The students in my Science Fiction Film course (English 232: Film in Focus) are screening the last film of the spring semester this weekend. This will make 16 in all, and they range from Fritz Lang’s 1927 classic Metropolis and 2001: A Space Odyssey from 1968 to contemporary cutting edge films like Bong Joon-Ho’s Okja from 2017 and Janelle Monáe’s 2018 masterpiece Dirty Computer. This group of students has been such a delight to work with as they’ve engaged and explored each new film with curiosity and rigor, bringing insights to the regular critical responses they write as well as class discussions. Now, as the course nears its conclusion, I’m doing a road test with a new assignment I just devised inspired by some of the reading and research I did during my sabbatical last semester.
This new assignment aims to challenge students to exercise their capacities for poetic imagination and algorithmic coding. Right now we inhabit a time and space where algorithms run recommender systems that suggest the next things people might like to stream or buy based on data extrapolated from what they’ve watched and how they’ve rated these films and series. Relatedly, Netflix and other services are using these algorithms to make plans for the next projects to invest in producing to stream. The codes that do this work are written and refined by people, and their effectiveness is measured by how well they work for people. It’s an exciting zone of human beings and machines collaborating—in other words, it’s a perfect place for students at a liberal arts college taking a class on science fiction film to explore.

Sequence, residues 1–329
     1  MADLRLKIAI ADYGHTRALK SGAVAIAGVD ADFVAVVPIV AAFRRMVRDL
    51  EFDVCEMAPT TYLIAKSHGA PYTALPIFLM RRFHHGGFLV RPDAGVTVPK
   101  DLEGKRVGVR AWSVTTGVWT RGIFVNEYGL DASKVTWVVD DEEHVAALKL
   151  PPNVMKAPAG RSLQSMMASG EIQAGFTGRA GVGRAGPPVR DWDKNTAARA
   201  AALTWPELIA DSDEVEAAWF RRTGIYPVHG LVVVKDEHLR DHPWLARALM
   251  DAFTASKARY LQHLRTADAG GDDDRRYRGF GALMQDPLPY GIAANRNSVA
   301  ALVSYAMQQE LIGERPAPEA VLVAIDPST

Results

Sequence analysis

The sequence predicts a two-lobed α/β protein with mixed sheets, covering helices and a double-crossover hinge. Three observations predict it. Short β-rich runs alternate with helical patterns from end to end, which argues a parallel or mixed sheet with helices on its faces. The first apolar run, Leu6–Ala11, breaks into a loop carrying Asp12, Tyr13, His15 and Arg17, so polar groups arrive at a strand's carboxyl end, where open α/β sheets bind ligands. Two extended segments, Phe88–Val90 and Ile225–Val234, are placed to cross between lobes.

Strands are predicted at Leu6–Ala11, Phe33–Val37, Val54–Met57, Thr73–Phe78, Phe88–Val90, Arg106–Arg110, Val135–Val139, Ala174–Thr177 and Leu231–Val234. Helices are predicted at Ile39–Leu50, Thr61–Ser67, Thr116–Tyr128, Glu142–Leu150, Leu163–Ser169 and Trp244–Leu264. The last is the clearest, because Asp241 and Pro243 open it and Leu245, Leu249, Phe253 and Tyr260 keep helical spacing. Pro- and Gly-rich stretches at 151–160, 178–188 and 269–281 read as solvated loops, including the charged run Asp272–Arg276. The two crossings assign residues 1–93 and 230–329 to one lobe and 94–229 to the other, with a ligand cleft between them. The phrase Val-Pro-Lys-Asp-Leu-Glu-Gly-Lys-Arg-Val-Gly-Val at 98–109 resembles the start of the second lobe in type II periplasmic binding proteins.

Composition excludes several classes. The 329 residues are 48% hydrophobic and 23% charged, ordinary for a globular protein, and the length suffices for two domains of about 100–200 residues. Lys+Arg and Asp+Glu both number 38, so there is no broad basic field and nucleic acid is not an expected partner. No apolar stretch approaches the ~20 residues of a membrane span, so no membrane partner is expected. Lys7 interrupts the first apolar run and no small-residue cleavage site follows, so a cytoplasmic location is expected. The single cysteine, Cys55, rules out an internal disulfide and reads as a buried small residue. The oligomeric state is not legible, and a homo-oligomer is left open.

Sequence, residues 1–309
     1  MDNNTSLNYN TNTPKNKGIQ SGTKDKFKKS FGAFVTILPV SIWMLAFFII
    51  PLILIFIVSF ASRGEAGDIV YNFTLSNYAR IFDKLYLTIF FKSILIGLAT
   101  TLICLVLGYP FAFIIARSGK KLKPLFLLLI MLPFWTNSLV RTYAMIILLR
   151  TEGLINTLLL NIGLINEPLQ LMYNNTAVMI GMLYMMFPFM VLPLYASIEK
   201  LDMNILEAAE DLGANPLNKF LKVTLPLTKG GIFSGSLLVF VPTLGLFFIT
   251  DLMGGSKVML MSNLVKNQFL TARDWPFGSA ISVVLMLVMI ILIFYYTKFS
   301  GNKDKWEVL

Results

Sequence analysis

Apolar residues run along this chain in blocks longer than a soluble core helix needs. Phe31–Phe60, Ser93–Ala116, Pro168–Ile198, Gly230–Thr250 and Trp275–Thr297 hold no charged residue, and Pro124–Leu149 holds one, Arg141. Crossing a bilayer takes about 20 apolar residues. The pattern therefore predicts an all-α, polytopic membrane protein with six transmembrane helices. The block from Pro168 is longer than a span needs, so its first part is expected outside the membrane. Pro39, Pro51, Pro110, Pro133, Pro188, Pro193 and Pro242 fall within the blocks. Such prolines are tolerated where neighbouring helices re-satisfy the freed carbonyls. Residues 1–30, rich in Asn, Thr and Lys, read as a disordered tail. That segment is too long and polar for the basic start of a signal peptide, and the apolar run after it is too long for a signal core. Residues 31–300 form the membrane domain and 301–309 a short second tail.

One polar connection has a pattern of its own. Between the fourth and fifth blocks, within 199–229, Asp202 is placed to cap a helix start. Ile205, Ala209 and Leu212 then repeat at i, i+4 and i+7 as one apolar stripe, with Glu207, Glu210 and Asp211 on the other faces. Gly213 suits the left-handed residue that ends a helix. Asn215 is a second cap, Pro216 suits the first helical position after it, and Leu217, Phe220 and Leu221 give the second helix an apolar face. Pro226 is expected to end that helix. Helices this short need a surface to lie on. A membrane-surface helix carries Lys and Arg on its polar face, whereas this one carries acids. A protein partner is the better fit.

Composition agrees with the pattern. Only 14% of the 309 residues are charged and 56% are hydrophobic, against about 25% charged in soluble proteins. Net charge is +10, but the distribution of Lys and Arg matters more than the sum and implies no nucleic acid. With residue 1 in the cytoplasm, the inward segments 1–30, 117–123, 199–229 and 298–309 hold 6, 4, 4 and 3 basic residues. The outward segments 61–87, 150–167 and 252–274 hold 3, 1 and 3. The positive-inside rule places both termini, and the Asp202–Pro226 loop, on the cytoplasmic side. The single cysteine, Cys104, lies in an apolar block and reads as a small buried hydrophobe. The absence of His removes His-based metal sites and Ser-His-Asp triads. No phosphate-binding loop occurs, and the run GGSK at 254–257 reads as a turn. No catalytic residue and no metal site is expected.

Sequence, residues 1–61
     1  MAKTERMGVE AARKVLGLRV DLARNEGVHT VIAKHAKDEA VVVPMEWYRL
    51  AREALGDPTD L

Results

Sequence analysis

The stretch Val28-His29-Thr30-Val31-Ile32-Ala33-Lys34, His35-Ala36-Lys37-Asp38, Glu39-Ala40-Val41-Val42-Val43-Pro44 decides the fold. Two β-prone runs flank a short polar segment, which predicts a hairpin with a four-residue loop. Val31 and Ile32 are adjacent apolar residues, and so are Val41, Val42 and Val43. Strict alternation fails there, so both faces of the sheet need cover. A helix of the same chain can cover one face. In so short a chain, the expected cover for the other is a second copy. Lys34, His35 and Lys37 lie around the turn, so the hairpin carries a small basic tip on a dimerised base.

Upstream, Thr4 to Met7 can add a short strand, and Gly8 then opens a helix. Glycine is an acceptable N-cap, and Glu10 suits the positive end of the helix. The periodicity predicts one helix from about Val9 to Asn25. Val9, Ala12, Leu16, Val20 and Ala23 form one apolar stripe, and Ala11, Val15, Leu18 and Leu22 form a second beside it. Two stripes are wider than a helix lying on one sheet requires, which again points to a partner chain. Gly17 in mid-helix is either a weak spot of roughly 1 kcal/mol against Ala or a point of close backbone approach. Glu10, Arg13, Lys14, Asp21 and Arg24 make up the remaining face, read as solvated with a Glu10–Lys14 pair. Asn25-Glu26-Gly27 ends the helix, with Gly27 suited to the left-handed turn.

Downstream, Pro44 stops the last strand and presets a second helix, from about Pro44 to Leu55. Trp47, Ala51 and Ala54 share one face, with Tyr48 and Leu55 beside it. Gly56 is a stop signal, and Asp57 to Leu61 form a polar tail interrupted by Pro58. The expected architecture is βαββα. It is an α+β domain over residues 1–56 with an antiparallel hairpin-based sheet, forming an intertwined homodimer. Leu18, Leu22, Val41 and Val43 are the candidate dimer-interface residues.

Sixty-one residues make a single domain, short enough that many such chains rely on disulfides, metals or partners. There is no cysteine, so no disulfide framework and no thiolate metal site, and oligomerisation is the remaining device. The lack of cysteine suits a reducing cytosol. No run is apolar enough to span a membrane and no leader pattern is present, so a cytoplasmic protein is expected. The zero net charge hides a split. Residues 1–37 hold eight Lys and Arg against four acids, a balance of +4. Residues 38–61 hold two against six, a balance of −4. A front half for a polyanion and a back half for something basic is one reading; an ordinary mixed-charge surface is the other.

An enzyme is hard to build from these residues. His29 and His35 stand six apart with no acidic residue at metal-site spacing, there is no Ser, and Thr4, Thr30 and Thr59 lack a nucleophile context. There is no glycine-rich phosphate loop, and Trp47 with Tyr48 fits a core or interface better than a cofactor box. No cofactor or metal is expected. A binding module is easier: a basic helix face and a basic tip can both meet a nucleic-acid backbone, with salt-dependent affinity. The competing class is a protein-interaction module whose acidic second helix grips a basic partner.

Specifically, each student is assigned to generate 30-40 keywords for one of the films we’ve studied. The keywords might be obvious things—like the names of actors, directors, or composers as well as the settings and plot points such as alien contact or time travel—or latent things, like using a match cut at a pivotal moment (as in the most famous match cut in all cinema when the first section of 2001 jumps into the far future). They need to think of the keywords as things that would be useful to enter into a film database for the recommender systems to rake and build combinations of affinities across films.
As a second part of the assignment, each student is also assigned to compose 5 original haikus about the same film. Some haikus must be about the film as a whole, some about characters, and some about one of the key techno-scientific developments that drives the narrative. Essentially, this part of the assignment is a form of analysis, just as the coding portion is. Students act as critics by breaking the film into parts and then thinking through those parts and how they fit together to interpret the film and to communicate about the film to other people. What’s more, the haiku is a sort of poem algorithm with a formal code to follow, though the output is expected to have different impacts than a recommender system. These poetic algorithms function through compression, association, line breaks, sonic pyrotechnics, rhythm, pace, and activation of various senses.
I’m eager to see what the students produce and especially what we can deduce together after a class period of performing their haikus aloud and sharing their keyword datasets. If you’ve got a favorite science fiction film and you’d like to write some haikus and/or parse it into algorithm-ready keywords, I’d love to invite you to share them here in the comments.